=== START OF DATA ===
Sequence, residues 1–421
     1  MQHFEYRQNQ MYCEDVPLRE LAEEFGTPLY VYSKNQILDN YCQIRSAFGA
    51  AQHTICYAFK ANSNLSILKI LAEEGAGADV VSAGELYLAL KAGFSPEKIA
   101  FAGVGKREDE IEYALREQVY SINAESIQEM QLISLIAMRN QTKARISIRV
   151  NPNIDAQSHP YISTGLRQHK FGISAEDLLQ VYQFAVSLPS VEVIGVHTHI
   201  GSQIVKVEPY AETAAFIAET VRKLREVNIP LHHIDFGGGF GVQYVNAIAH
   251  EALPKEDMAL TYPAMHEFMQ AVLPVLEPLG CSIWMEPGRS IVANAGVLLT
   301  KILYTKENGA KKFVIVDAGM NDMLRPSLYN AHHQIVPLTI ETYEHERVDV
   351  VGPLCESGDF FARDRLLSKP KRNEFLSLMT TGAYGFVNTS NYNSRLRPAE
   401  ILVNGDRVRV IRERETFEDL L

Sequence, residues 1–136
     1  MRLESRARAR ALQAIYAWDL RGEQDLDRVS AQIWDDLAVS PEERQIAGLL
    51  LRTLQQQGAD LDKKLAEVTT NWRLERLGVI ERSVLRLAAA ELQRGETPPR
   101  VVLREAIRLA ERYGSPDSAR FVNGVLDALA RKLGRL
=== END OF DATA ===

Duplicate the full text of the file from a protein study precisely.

Sequence, residues 1–421
     1  MQHFEYRQNQ MYCEDVPLRE LAEEFGTPLY VYSKNQILDN YCQIRSAFGA
    51  AQHTICYAFK ANSNLSILKI LAEEGAGADV VSAGELYLAL KAGFSPEKIA
   101  FAGVGKREDE IEYALREQVY SINAESIQEM QLISLIAMRN QTKARISIRV
   151  NPNIDAQSHP YISTGLRQHK FGISAEDLLQ VYQFAVSLPS VEVIGVHTHI
   201  GSQIVKVEPY AETAAFIAET VRKLREVNIP LHHIDFGGGF GVQYVNAIAH
   251  EALPKEDMAL TYPAMHEFMQ AVLPVLEPLG CSIWMEPGRS IVANAGVLLT
   301  KILYTKENGA KKFVIVDAGM NDMLRPSLYN AHHQIVPLTI ETYEHERVDV
   351  VGPLCESGDF FARDRLLSKP KRNEFLSLMT TGAYGFVNTS NYNSRLRPAE
   401  ILVNGDRVRV IRERETFEDL L

Sequence, residues 1–136
     1  MRLESRARAR ALQAIYAWDL RGEQDLDRVS AQIWDDLAVS PEERQIAGLL
    51  LRTLQQQGAD LDKKLAEVTT NWRLERLGVI ERSVLRLAAA ELQRGETPPR
   101  VVLREAIRLA ERYGSPDSAR FVNGVLDALA RKLGRL